Belongingness and Student Life

By: Jim Fox

“How do these kids find belonging and community in the somewhat chaotic environment that is high school?”

This is the question I found myself asking last June as I sat behind the lectern in room 103, interacting with the Juniors and Seniors in Mrs. Grafmiller’s Psychology course.

For the past 4 years I’ve been lucky enough to every now and again fill-in as a substitute teacher at Shoreline Christian. Last June my career in the substitutionary arts reached a new high when I became a long-term sub and was able to actually “teach” Psychology for a few weeks. Down in room 103 I started wondering how these very different kids from very different families and very different churches were able to find a sense of belonging as they navigated from classroom to classroom.     

This is actually a natural question for me; when I’m not a substitute teacher, I’m a church planter and a pastor. I spend a good deal of my time thinking about those on the margins and how we can make space for them in our communities to connect and to experience a sense of belonging. I lead a small community of faith in the Crown Hill area. Our motto, or raison d'être, is “Connecting the Disconnected.” And, I think if we are honest with ourselves, we are all disconnected in different ways and different times of our lives. We all see and experience brokenness; we all seek a place to belong and a place to be known.

And so, I found myself sitting in a classroom, getting to read the students’ writing, getting to hear their thinking, getting to know them as people: and the question was asked anew.

Over the summer months, this question -- of “belongingness” at SCS with its spiritual and social implications -- found room to grow in my heart and mind. In fact so much so that after  Mr. Visser completed his long drive home from his vacation in Michigan, I asked to meet and told him everything that I had been thinking. He then told me that somewhere around “the eastern border of Iowa” the same question had come to him; he said that for a good chunk of his tenure, a sense of belonging and community were assumed, but culture changes. These are things we really can no longer assume. When we talked, he had been contemplating the question for about a thousand miles. Maybe the Holy Spirit was up to something?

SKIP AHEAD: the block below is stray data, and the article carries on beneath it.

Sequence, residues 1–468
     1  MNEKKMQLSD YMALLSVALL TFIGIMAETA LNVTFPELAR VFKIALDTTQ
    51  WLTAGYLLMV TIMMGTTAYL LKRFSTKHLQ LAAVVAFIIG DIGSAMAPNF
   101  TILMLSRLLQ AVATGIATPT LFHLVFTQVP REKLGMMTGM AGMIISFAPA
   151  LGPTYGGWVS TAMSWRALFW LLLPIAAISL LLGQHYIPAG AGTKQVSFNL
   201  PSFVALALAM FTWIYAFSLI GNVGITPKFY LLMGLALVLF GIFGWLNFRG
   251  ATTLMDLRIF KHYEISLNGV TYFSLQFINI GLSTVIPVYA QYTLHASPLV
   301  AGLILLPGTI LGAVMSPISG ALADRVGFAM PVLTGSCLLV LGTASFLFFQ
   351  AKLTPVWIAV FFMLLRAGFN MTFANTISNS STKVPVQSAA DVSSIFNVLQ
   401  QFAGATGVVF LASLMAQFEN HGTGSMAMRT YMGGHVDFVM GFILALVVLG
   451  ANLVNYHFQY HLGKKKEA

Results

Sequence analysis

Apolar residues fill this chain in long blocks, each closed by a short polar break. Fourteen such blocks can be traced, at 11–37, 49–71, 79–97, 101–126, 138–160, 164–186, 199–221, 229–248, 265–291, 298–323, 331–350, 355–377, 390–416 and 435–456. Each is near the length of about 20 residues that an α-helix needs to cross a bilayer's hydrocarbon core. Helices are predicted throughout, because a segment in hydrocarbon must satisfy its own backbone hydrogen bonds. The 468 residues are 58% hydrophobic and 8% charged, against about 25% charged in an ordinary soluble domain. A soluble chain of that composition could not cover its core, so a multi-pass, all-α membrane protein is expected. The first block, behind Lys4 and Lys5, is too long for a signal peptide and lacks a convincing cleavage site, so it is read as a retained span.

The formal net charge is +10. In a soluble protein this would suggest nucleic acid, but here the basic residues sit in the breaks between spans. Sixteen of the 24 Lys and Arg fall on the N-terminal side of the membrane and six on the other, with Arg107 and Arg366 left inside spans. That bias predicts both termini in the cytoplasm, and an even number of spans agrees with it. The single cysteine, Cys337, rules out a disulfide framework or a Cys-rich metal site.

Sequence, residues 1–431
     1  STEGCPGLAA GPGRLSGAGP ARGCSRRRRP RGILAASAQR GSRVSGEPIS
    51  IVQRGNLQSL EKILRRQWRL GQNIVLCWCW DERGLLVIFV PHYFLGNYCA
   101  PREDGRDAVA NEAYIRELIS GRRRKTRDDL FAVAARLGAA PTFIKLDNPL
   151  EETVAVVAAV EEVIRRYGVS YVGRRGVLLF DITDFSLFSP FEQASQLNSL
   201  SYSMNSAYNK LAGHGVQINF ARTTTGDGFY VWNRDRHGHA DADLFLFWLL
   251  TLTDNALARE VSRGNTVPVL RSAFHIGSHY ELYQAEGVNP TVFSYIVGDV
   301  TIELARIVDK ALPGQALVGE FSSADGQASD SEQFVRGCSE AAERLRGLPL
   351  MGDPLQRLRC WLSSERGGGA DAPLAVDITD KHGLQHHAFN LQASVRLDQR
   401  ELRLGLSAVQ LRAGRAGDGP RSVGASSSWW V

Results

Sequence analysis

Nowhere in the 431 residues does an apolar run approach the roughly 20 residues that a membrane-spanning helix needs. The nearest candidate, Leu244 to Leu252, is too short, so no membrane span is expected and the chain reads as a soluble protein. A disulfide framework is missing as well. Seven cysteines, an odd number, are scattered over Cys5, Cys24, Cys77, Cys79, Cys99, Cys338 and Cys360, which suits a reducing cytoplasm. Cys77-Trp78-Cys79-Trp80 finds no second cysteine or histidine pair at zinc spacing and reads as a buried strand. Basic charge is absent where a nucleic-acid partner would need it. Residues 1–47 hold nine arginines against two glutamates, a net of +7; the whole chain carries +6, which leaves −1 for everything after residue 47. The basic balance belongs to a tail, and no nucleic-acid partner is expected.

The board thought enough of the question that I was asked to do a school study. I spent the next 2 months pursuing answers to this question: I walked the halls of SCS, researched the psychological, emotional, and intellectual effects of “belonging” and not belonging, and met with experts in the field of youth ministry. The research shows that a sense of belonging is essential for a healthy learner; it’s not just a nice idea, a sense of belonging has measurable effects on academic achievement and mental health.

While many of our students do find a place to belong at SCS, a surprising number of students don’t. Unfortunately, and somewhat  ironically, some of the very places students found community the most (through music and sports) are sources of isolation for others. And, because we are a professing Christian community, students who don’t currently identify as Christians experience a thwarted belongingness (instead of a love that invites them in).

A need identified, now what to do. At the conclusion of my research I recommended that the board consider an on-campus pastoral presence for the high school – someone who would build relationships with students, shape the liturgies and habits that promote a sense of belonging, and continue to support, reinforce, and build on to the spiritual and theological framework and practices we already have in place. Though we are a school, life together in community isn’t solely an academic exercise, it’s a way of engaging the world that we are called into by God. And in our ecosystem model, we don’t ignore community building because it’s “the church’s job” or because “that wasn’t a problem when I was in school”. We believe community is foundational to students faith formation and learning.

At their meeting on Tuesday, the school board officially accepted this recommendation and approved a job description for a Director of Student Life.

This is exciting and important news. Shoreline Christian is in the process of discovering and pioneering what a Christian school looks like in a post-church world. We are answering the question of belonging and building the answer.

 

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